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Clock speed does not always mean faster CPU or machine. Its a combination of things, like how much memory on the cache, 32 vs 64 bit architecture in use, and other hardware tied to it, if it has discreet memory for GPU on die as well, what setup for the north and south-bridge, as some combinations work better than others. Overall, I would say you should be fine with the quad core though, even at a slower speed, you will be more than compensated with the extra cores for tasks that use more mutli threading. In most scenarios, the CPU never gets above 50%, whether dual core or quad core, so speed won't be a huge factor here unless you are doing video rendering, compression, etc, by which the quad core should out perform the dual core in most areas depending on how the software written is used(as in if it can use 4 cores or no more than one).

The other thought is, check the video chip shipped with each, as that will come into play for overall user experience. Laptops aren't meant to be gaming power houses, but if the quad core machine has a worst GPU than the dual core machine, that might be a factor to get the dual core one. Also, how much memory does the laptop have and what can it be maxed out to (assuming its a 64bit OS, why you would use 32 at this time is beyond me).

Also, do some research on owners of the two machines, see what the reviews say. Might help in making the final decision. See if they are listed on BestBuy, NewEgg and Amazon and read some customer reviews. A 3rd option for something else entirely might be a better choice.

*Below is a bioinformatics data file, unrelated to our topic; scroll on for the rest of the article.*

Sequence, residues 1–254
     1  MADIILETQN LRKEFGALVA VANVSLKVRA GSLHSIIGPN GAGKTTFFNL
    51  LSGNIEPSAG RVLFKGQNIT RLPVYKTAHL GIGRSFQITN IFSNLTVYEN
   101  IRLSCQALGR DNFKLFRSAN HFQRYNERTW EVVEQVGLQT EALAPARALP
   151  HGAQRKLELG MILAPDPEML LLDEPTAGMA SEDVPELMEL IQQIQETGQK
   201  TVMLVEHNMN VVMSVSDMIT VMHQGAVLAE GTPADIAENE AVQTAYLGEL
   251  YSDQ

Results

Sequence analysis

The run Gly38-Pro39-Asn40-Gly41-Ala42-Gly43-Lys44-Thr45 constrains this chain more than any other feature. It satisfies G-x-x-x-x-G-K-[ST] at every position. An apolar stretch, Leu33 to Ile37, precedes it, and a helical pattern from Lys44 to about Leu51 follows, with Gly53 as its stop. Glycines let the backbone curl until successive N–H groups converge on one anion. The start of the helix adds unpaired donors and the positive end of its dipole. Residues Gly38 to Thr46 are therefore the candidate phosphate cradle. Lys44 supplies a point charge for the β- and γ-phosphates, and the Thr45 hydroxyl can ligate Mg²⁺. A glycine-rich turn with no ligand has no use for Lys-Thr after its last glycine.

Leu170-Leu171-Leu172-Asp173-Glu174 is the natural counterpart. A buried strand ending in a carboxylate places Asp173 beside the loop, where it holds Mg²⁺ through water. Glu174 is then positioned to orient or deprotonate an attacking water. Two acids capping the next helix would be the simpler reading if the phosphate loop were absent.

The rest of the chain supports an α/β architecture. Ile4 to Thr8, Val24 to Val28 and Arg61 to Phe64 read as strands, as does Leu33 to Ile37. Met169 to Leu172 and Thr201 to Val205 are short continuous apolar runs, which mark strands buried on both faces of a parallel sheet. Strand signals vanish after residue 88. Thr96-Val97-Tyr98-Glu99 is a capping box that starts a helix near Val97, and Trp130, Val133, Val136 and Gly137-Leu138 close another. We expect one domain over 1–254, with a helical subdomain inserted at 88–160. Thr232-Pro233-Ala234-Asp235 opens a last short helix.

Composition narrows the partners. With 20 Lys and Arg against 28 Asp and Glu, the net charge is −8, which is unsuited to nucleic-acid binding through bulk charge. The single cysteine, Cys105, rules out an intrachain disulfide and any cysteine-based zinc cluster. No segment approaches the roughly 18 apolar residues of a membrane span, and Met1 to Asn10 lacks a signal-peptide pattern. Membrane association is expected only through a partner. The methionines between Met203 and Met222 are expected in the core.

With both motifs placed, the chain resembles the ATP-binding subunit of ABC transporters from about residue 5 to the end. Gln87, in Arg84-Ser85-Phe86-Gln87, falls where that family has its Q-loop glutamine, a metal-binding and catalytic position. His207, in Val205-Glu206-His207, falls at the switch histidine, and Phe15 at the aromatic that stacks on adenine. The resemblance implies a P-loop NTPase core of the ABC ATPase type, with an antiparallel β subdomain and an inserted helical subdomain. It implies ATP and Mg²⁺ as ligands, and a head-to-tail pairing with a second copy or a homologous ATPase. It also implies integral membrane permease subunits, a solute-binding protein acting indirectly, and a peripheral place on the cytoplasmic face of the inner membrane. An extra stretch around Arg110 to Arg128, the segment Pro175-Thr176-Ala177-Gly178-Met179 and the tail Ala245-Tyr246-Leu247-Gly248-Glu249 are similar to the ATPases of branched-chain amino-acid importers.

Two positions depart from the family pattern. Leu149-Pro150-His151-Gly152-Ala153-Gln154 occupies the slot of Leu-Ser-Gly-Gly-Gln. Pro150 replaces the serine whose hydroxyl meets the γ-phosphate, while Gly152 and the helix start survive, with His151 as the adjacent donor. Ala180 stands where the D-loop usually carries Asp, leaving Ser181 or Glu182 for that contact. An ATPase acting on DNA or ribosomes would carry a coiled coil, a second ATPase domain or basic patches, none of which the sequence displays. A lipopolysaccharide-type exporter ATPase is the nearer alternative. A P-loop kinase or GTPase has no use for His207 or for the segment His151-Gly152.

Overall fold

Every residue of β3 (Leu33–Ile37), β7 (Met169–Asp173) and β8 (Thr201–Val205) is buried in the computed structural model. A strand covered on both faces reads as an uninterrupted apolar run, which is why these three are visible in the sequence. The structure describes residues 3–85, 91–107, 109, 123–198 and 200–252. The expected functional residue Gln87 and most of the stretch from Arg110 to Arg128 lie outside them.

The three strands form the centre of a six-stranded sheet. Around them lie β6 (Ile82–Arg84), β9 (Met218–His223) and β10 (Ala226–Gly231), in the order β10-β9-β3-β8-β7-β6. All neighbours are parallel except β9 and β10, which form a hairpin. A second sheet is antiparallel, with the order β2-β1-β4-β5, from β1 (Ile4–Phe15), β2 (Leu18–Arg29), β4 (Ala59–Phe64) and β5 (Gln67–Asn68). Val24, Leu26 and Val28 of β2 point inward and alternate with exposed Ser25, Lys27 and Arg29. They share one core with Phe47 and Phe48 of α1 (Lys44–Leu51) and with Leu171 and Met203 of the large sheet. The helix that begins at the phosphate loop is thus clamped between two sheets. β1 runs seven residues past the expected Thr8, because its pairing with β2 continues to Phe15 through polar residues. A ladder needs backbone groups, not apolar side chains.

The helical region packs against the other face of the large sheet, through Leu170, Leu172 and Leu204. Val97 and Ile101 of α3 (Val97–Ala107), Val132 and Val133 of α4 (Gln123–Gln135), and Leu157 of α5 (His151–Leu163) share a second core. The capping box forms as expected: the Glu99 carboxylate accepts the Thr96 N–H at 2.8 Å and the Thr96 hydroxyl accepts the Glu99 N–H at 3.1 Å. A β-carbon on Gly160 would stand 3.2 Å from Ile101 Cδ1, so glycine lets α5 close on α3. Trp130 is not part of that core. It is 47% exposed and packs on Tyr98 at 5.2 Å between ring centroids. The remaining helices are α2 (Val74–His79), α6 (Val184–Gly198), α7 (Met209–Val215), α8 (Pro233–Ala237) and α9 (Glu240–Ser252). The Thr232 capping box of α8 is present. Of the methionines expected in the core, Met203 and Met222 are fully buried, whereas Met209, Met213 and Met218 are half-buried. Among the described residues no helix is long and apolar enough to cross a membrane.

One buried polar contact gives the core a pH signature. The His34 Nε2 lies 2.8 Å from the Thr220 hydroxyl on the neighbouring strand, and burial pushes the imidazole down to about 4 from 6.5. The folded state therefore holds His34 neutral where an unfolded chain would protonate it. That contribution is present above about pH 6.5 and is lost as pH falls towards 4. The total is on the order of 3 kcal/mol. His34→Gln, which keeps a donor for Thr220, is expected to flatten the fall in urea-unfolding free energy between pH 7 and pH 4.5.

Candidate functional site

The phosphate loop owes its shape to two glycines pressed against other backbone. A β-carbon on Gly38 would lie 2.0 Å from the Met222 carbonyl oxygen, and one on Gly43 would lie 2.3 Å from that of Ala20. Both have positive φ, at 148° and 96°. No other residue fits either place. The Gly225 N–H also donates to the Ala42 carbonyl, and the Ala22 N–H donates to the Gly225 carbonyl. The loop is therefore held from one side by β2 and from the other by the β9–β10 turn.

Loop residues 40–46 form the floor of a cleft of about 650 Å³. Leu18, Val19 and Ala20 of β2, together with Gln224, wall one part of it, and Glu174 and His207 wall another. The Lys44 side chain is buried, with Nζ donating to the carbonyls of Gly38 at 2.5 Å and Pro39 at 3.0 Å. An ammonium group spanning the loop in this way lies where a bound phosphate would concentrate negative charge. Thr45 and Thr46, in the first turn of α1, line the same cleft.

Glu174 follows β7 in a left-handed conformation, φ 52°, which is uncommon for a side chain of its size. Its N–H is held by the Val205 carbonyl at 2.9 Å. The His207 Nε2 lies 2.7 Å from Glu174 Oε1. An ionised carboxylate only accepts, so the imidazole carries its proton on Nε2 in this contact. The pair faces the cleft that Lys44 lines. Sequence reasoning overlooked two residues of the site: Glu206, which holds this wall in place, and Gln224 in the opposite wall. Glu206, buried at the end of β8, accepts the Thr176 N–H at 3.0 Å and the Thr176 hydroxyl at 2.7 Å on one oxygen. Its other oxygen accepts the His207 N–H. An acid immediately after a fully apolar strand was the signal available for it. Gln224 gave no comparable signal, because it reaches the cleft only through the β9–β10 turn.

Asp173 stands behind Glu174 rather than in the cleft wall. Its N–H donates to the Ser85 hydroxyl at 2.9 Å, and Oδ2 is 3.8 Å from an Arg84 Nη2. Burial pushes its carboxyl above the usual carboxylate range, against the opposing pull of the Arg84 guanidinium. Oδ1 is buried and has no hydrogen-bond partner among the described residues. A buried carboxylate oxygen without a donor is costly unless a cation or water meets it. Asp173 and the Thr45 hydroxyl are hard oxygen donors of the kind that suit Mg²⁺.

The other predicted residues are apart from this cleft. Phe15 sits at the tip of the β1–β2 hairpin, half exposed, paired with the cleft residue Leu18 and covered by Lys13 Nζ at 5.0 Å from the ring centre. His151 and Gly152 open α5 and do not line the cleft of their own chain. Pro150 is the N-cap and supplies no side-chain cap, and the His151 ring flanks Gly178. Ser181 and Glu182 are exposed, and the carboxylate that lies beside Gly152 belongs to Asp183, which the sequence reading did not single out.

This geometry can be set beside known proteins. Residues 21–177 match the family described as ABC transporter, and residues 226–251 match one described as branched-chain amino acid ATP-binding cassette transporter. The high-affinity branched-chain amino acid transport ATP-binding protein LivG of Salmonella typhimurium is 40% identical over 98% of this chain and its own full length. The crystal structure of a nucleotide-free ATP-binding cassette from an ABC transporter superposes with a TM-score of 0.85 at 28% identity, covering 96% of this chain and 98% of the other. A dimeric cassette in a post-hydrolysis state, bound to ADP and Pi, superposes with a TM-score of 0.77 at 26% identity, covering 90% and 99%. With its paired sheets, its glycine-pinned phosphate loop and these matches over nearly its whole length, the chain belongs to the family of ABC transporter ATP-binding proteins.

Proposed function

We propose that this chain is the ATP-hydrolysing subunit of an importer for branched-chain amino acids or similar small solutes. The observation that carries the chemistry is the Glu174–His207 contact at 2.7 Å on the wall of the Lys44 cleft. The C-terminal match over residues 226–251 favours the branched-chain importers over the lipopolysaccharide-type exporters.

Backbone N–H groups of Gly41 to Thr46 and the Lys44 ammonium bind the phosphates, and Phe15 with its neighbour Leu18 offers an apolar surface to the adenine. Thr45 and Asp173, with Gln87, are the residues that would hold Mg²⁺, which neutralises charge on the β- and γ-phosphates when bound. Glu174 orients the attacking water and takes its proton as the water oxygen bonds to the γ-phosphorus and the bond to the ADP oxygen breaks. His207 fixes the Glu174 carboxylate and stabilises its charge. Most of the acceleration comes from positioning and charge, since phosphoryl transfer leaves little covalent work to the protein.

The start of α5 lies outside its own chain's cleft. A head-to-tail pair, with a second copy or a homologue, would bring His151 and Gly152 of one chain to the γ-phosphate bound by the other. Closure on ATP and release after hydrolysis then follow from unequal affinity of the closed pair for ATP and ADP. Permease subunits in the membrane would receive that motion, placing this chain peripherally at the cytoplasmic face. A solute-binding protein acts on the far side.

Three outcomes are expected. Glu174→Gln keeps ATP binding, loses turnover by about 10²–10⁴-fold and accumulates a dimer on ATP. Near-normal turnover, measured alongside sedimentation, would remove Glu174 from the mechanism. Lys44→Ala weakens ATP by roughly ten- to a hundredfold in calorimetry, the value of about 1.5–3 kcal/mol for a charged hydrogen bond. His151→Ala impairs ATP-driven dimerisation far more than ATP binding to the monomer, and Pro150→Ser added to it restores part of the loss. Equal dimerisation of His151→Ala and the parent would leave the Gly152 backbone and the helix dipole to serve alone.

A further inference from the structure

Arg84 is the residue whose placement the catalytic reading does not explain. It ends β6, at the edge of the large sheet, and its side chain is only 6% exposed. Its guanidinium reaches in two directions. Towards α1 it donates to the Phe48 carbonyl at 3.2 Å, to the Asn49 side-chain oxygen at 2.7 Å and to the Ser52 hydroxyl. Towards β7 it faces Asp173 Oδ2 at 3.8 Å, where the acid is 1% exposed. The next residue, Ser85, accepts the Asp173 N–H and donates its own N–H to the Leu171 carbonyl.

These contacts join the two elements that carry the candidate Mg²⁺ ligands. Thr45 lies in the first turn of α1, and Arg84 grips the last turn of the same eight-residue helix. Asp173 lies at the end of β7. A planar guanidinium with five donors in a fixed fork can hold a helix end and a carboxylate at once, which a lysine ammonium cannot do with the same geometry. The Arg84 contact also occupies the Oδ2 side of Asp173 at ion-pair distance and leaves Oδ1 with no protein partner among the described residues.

Excellent post.

I would only add check the software you are going to use most is it multi-threaded, in other words is it written to take advantage of multiple cores. If it isn't then the extra cores won't be as much of an advantage. If you really are into gaming check out laptops designed for gaming they tend to be higher priced, but generally are high-performance systems with the video for gaming.

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I understand all this,what I wanted to know was has anyone had any experience with either of these two cpus. My thoughts of them is that they will perform nearly identically (quad core with lower speed compared to dual core with higher speed) and what will set them apart would be multi-tasking of programs or programs that can take adavantage of the more cores there are.

I'm looking at 4 laptops right now with a 5th one when it becomes avaiable,the HP Pavilion g4-1215dx and the Pavilion g6-1c45dx and well as Toshiba Satellite L775D-S7305 and Satellite L755D-S5218 all of them from BestBuy.

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Personally out of the two I would go with the AMD A6-3400m, reasons being (based on a quick read of the specs of each):

  • More cores beats clock speed these days
  • If you do have a single threaded processor intensive task then the processor will boost the clock speed of the used cores (upto ~2.3GHz if just a single core is being used and the chip is cooled well enough). Note: the AMD A4-3300M can overclock one of its cores to 2.5GHz at the expense of the other, but you are far more likely to be using both of its cores which makes the option a bit pointless
  • While the on chip AMD Radeon HD 6520G runs at 44mhz slower than the AMD Radeon HD 6480G on the other processor it has 80 more pipelines.

Note: If you are planning on getting a laptop with a separate graphics card then really look at a different set of processors.